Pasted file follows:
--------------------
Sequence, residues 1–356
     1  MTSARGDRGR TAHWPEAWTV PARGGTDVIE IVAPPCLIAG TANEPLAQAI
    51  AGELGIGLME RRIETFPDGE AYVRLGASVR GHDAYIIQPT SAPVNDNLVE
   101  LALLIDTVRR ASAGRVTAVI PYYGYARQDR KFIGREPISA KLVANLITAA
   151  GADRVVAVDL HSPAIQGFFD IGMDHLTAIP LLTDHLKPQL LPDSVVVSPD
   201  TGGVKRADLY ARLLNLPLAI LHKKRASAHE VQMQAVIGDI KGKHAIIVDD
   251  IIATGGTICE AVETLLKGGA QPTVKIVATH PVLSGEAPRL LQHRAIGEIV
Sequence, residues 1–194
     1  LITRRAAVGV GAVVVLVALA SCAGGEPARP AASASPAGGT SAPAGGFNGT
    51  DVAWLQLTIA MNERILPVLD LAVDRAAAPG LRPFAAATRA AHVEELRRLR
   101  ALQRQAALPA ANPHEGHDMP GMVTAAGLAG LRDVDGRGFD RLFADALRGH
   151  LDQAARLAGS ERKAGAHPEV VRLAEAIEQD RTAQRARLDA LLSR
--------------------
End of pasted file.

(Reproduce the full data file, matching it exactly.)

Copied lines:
Sequence, residues 1–356
     1  MTSARGDRGR TAHWPEAWTV PARGGTDVIE IVAPPCLIAG TANEPLAQAI
    51  AGELGIGLME RRIETFPDGE AYVRLGASVR GHDAYIIQPT SAPVNDNLVE
   101  LALLIDTVRR ASAGRVTAVI PYYGYARQDR KFIGREPISA KLVANLITAA
   151  GADRVVAVDL HSPAIQGFFD IGMDHLTAIP LLTDHLKPQL LPDSVVVSPD
   201  TGGVKRADLY ARLLNLPLAI LHKKRASAHE VQMQAVIGDI KGKHAIIVDD
   251  IIATGGTICE AVETLLKGGA QPTVKIVATH PVLSGEAPRL LQHRAIGEIV
Sequence, residues 1–194
     1  LITRRAAVGV GAVVVLVALA SCAGGEPARP AASASPAGGT SAPAGGFNGT
    51  DVAWLQLTIA MNERILPVLD LAVDRAAAPG LRPFAAATRA AHVEELRRLR
   101  ALQRQAALPA ANPHEGHDMP GMVTAAGLAG LRDVDGRGFD RLFADALRGH
   151  LDQAARLAGS ERKAGAHPEV VRLAEAIEQD RTAQRARLDA LLSR